How 'Undone' Is Different From Other Adult Animation Shows

Jim Halterman
Undone
Fall Preview Amazon

Mental health and parental death aren't normally at the heart of half-hour comedies. The animated Undone, however, tackles both head-on.

Sarcastic 28-year-old preschool teacher Alma Winograd-Diaz (Rosa Salazar, above), who's afraid she'll become schizophrenic like her grandmother, is involved in a terrible car crash and subsequently develops an altered perception of reality. She begins conversing with her late father (Better Call Saul's Bob Odenkirk) and, at his urging, starts to investigate the circumstances around his death.

That mystery "gives Alma a reason for wanting to believe that what's happening [to her] is real," says executive producer Raphael Bob-Waksberg. The laughs, he explains, come organically, from a look between characters or "a slightly off phrase."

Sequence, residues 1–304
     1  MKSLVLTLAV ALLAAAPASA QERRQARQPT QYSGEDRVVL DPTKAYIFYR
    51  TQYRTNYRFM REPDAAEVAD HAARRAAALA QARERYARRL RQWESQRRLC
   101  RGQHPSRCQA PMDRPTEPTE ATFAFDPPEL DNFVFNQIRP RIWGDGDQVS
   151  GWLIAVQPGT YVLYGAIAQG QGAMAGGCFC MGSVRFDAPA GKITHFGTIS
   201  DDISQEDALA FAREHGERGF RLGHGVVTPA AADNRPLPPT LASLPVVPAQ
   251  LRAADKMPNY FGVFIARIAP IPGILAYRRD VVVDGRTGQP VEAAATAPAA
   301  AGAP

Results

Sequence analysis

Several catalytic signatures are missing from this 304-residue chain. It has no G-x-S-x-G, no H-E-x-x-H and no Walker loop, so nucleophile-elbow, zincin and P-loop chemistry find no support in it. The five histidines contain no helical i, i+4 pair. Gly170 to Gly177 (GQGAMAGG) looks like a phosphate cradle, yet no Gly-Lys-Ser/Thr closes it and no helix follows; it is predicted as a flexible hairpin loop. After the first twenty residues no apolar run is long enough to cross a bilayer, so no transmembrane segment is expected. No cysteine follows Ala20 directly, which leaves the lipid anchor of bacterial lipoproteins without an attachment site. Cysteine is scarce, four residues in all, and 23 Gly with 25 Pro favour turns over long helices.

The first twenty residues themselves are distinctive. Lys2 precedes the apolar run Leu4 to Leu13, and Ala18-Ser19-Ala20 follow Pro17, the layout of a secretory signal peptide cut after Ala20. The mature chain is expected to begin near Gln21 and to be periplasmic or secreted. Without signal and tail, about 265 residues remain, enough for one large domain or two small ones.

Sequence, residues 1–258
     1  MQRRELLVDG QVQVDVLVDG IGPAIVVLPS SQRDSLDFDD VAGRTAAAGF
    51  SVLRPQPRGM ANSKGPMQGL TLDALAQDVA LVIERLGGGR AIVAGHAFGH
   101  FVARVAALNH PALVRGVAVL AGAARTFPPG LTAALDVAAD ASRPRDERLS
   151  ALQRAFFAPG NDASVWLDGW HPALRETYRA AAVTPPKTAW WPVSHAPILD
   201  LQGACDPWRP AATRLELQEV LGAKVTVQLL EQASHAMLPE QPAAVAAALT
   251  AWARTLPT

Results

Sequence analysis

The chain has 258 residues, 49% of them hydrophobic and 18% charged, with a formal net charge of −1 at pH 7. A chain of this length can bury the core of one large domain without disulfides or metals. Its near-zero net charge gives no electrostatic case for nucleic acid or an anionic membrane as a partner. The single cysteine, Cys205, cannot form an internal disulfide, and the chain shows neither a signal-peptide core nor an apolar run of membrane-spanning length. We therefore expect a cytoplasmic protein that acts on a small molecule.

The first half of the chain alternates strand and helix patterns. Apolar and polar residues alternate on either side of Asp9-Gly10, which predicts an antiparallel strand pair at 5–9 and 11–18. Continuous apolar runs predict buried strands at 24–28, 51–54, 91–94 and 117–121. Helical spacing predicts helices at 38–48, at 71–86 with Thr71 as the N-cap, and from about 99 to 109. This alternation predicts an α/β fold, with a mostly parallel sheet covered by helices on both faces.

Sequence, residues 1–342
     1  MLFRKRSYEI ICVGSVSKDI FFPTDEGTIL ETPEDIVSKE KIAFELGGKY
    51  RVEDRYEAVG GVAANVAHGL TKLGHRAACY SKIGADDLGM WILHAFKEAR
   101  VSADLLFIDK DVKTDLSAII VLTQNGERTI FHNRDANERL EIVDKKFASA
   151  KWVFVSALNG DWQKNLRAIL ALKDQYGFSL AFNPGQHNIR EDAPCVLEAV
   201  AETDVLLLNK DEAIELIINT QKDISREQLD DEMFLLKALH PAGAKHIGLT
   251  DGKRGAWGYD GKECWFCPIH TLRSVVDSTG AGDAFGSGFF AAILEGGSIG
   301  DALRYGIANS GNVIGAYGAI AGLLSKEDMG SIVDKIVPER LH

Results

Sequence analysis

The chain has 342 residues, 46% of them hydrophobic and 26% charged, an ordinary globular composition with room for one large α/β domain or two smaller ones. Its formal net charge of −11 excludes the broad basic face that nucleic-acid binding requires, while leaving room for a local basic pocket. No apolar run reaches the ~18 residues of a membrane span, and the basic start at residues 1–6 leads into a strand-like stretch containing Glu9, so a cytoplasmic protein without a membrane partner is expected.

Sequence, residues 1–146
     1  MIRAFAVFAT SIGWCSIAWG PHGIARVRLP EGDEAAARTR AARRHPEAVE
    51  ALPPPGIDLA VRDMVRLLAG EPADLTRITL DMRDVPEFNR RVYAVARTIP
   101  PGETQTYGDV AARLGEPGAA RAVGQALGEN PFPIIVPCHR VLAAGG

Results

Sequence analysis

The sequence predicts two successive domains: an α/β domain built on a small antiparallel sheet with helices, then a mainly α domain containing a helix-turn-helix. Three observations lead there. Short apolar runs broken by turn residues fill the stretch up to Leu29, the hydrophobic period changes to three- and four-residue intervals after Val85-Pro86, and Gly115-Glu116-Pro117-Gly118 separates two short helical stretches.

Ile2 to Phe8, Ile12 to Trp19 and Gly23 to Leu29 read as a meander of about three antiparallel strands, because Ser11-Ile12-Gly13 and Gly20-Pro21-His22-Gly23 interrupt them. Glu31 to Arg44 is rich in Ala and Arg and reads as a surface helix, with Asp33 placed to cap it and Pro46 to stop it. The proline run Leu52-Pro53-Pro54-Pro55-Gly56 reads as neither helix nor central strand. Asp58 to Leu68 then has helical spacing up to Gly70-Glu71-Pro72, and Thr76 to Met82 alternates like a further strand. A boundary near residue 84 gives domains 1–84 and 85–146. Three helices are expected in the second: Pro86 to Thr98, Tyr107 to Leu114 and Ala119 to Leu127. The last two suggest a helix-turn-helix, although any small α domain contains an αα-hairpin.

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Rotoscope animation enhances the saga of Alma, a woman who starts seeing her long-dead dad after a mysterious car crash.

The animation is done via rotoscope, which traces over live-action footage, frame by frame, to give a more realistic look. "We're pushing the edges of what is expected of adult animation," says Bob-Waksberg.

Not to mention adult comedy.

Undone, Season 1, Now Streaming, Amazon Prime Video